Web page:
“So powerful is the need for congruence that when people are forced to look at disconfirming evidence, they will find a way to criticize, distort, or dismiss it so that they can maintain or even strengthen their existing belief.” ~Mistakes Were Made (but not by me)
The authors also cite a study in which neuroscientists found that “reasoning areas in the brain virtually shut down” when people are presented with dissonant information, and emotion circuits of the brain light up when consonance is restored. We do not rest easy until the dissonance is resolved.
“The Lord will never permit me or any other man who stands as President of this Church to lead you astray… If I were to attempt that, the Lord would remove me out of my place, and so He will any other man who attempts to lead the children of men astray from the oracles of God…” 
In my experience, this is a statement and a belief that causes a LOT of dissonance.
We all deal with it in different ways. Some try to distort or dismiss past teachings, or even criticize the teacher (i.e. “he wasn’t speaking as a prophet,” or “it was just his opinion.”)
Obviously there have been contradictions in teachings (feel free to list some if you like, for the sake of the debate). Here is a common one:  Brigham Young taught that Adam was God the Father. Spencer W. Kimball taught, “We denounce that theory and hope that everyone will be cautioned against this and other kinds of false doctrine.” So which of these leaders is leading us astray? If you believe that a prophet cannot teach false doctrine, one of them is definitely leading us astray.
If a doctrine (in my mind) has proven itself to be false, then I can no longer believe it. I cannot accept that “never lead us astray” means “never teach false doctrine.”
This idea is backed up by Bruce R. McConkie. When talking about the ban on blacks receiving the priesthood he said,
“We spoke with a limited understanding and without the light and knowledge that now has come into the world… We have now had added a new flood of intelligence and light on this particular subject, and it erases all the darkness and all the views and all the thoughts of the past.”
Elder McConkie’s statement suggests that sometimes prophets have limited understanding, and even “darkness” in their views (as we ALL do). Notice McConkie did not say “sorry, but the Lord was wrong. We actually did lead you all astray.”
In sharing this with other members, a common reaction I get is “well, if you take the view that a prophet can teach something wrong, then what use is a prophet at all? How could you trust anything he said? Why would you believe any of it? Do you think a prophet is just a guy with some good ideas?”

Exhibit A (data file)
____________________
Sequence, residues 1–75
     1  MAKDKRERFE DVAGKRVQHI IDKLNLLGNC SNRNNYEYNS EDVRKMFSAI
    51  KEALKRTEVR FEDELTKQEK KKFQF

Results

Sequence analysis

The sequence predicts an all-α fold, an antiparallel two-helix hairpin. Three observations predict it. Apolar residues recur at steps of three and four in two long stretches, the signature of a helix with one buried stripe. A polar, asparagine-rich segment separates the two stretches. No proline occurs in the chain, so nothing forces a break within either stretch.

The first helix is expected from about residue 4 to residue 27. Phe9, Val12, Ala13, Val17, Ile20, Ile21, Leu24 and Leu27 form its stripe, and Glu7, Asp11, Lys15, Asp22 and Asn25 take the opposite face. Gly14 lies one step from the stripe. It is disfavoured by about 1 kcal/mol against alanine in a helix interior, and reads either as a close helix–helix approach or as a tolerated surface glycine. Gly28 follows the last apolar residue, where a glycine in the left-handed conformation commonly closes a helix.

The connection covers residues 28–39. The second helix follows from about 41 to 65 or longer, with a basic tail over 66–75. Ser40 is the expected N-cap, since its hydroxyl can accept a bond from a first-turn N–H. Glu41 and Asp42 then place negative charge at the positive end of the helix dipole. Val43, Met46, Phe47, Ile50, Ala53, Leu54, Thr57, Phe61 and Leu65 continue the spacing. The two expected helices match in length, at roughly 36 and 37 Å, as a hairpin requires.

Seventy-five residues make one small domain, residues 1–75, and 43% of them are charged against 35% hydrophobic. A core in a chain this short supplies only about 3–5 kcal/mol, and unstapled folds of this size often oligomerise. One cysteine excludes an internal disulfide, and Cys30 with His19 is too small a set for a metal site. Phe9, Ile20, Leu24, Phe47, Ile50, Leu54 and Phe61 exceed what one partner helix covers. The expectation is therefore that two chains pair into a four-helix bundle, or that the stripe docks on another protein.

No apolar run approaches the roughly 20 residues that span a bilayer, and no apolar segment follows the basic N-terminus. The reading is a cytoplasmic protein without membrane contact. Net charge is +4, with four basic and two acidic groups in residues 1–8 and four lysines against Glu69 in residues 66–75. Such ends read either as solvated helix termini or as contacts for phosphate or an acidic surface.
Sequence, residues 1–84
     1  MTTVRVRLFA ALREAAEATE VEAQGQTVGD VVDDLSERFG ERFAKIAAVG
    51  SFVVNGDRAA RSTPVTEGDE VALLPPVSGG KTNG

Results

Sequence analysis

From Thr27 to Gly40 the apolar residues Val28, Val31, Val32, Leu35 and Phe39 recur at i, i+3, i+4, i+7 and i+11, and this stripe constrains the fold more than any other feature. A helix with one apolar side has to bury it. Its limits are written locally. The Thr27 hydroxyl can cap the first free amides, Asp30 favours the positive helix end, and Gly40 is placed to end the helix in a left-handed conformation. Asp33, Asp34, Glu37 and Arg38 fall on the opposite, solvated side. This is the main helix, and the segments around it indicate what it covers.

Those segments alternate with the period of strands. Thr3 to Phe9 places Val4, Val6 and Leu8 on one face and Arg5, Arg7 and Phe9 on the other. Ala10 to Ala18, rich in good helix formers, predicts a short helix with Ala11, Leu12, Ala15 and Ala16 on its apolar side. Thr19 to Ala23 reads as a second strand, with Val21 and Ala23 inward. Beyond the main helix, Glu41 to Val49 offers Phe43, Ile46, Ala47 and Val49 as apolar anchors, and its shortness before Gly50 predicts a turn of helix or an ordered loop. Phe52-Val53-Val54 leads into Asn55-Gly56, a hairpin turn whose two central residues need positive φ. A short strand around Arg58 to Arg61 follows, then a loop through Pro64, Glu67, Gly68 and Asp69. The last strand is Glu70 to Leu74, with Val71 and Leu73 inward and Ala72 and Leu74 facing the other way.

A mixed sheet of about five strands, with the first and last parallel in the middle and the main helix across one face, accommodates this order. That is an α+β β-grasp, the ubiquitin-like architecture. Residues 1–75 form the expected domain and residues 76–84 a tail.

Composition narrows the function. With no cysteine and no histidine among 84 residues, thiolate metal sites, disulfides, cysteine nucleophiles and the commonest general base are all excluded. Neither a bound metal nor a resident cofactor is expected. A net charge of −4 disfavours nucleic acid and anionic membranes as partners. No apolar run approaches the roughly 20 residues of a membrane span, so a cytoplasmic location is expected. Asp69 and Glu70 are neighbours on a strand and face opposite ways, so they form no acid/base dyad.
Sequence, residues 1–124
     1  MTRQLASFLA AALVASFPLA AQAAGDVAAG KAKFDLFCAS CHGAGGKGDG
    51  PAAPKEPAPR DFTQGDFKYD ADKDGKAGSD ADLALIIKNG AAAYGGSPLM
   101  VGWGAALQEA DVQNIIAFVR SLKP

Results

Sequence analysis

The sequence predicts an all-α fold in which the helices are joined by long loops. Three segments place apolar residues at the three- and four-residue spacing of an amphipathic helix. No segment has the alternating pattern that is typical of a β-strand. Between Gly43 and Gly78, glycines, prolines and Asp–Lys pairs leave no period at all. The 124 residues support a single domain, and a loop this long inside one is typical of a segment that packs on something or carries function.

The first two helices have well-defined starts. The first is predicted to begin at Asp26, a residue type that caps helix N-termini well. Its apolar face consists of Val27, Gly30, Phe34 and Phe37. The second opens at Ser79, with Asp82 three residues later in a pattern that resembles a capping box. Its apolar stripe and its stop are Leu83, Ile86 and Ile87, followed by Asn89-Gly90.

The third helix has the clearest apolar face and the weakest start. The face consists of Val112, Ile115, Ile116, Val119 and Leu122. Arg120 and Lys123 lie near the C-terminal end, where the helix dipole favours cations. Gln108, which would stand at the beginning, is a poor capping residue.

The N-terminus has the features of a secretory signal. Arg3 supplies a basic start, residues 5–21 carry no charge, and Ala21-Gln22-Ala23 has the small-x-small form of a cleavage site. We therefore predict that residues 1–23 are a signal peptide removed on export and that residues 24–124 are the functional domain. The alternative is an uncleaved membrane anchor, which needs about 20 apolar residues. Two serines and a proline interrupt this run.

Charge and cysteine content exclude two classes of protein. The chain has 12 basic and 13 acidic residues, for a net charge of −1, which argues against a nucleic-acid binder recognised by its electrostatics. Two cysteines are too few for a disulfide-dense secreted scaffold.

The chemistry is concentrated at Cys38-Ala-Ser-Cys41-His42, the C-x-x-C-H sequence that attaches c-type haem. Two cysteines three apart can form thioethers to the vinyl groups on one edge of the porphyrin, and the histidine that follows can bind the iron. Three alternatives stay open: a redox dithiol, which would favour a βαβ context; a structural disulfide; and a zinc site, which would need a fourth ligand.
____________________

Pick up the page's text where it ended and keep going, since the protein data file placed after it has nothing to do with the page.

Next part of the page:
I resolve this dissonance with the belief that God has given us prophets to guide us in our ultimate goal in life, that of progress and salvation. God will not allow a prophet to do anything that would “separate us from the love of God that is in Christ Jesus our Lord.”
Resolving dissonance is not always bad. In fact, it often leads to pro-social action.  In the case of religious belief, it has spurred me to examine my beliefs and assumptions, discard what I deem to be error, and strengthen my commitment to what I believe is truth.
One final thought: Following a prophet requires a lot of faith, prayer, guidance of the Spirit, and (dare I say) use of one’s mind. May we all have the courage to use our intellect as well as our our feelings, for they are equally vital.
Notes: Woodruff, W. (1890). Excerpts from three addresses by President Wilford Woodruff regarding the manifesto. Sixty-first Semiannual General Conference of the Church.  Young, B. (1852). Adam, our father and our God. Journal of Discourses 1, 46-53.  Tavris, C., & Aronson, E. (2007). Mistakes were made (but not by me): Why we justify foolish beliefs, bad decisions, and hurtful acts. Orlando, FL: Harcourt. From page 18: “Fortunately, dissonance theory also shows us how a person’s generous actions can create a spiral of benevolence and compassion, a “virtuous circle.” When people do a good deed, particularly when they do it on a whim or by chance, they will come to see the beneficiary of their generosity in a warmer light. Their cognition that they went out of their way to do a favor for this person is dissonant with any negative feelings they might have had about him.”